The eligible voter standard, if adopted, would also raise thorny questions concerning taxation without representation. While non-citizens aren’t, well, citizens, they still pay various forms of taxes, and are often the parents of citizens. Even if they aren’t voting, they and their children deserve to be represented as voters.

What’s more, if the Court accepts the plaintiffs argument, it will leave a large number of actual citizens with diminished representation. The standard the plaintiffs cite in the case, quoting from the 1970 case, Hadley v. Junior Coll. Dist. of Metro. Kansas City, Mo:

…when members of an elected body are chosen from separate districts, each district must be established on a basis that will insure, as far as is practicable, that equal numbers of voters can vote for proportionally equal numbers of officials.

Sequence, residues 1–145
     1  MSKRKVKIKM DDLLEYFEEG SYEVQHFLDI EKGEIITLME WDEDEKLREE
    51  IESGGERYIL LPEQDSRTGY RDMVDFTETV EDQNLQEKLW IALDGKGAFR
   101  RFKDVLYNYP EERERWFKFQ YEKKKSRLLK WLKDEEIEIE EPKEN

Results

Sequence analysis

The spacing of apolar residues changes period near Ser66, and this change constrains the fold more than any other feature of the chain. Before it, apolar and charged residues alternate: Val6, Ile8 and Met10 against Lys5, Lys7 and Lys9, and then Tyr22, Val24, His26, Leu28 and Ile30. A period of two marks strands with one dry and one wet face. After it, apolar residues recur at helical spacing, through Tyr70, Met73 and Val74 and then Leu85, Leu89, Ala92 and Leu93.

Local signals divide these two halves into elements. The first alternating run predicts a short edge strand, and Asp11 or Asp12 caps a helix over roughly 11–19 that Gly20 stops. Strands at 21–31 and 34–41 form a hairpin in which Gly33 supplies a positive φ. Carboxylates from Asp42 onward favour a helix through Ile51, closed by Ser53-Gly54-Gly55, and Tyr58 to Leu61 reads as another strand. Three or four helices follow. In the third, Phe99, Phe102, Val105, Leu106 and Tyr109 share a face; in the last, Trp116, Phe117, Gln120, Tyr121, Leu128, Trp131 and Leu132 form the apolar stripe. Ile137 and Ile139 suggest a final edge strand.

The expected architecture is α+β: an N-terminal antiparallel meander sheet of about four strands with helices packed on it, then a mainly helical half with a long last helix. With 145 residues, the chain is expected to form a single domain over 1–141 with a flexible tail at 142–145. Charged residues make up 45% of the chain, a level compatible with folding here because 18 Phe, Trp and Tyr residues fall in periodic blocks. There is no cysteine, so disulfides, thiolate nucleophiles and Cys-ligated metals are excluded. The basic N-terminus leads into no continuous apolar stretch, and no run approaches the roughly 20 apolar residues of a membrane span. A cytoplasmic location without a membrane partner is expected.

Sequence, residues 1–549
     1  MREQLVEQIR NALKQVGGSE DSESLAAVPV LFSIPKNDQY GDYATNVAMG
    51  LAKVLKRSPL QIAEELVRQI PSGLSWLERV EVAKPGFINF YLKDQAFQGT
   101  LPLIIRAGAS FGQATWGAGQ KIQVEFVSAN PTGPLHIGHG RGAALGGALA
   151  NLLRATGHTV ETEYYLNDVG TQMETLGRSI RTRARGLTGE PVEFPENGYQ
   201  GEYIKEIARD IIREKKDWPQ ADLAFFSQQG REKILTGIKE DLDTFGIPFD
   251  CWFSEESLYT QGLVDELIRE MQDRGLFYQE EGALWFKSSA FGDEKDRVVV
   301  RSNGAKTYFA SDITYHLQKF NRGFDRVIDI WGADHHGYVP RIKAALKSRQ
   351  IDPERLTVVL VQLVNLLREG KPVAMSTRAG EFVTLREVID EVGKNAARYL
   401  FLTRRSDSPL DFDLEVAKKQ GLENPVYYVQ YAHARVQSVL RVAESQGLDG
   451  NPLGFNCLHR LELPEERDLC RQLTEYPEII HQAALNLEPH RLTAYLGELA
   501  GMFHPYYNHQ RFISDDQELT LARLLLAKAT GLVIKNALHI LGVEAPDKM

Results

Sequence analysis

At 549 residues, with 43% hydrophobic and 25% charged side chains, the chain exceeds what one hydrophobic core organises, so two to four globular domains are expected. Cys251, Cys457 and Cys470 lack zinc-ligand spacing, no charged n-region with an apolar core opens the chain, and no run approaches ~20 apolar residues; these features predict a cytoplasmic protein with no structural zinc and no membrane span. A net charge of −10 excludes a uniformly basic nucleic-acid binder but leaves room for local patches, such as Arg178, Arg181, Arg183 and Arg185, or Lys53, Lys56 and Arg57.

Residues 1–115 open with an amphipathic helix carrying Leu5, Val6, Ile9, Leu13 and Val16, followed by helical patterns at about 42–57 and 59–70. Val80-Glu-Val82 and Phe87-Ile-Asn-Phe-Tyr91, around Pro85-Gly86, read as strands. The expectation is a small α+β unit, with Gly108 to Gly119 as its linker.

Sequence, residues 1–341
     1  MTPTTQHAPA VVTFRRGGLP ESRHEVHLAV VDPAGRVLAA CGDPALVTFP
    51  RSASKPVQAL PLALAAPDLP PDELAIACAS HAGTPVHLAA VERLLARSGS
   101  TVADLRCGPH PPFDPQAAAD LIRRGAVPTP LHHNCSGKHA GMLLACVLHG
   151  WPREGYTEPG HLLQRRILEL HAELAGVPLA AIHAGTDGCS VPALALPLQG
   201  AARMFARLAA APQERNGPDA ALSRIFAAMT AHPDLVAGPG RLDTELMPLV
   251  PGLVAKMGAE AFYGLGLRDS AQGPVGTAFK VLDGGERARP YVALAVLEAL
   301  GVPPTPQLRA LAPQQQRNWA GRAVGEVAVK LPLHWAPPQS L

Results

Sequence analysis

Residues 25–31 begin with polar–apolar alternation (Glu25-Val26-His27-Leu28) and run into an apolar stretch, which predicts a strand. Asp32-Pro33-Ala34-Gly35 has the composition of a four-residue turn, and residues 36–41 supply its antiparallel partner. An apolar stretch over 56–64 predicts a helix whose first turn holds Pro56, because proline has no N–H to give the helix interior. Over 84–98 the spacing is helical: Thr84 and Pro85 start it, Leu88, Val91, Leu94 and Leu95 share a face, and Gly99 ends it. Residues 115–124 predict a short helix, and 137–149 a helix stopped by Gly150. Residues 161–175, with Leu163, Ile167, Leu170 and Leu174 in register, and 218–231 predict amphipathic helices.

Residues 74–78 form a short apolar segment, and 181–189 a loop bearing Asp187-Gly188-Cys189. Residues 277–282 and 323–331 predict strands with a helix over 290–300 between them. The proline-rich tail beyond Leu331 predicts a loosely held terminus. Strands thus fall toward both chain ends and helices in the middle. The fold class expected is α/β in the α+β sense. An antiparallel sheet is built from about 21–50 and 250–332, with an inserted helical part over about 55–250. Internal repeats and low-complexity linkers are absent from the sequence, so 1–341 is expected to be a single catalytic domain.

That “as far as is practicable” gets sticky as soon as you argue for a standard other than total population, as changing the standard to eligible or registered voters implies that non-voting citizens — most notably children, felons and the mentally incapacitated –are effectively lesser citizens than those who are eligible to vote. The current standard suggests that the laws passed in Texas affect everyone in Texas equally, and that elected officials are charged with representing everyone within their district’s borders — not just those who voted in their election. By arguing that districts should only take eligible voters into account, the plaintiffs in Evenwel are effectively arguing that representatives are only responsible for representing the will of the electorate, not the people.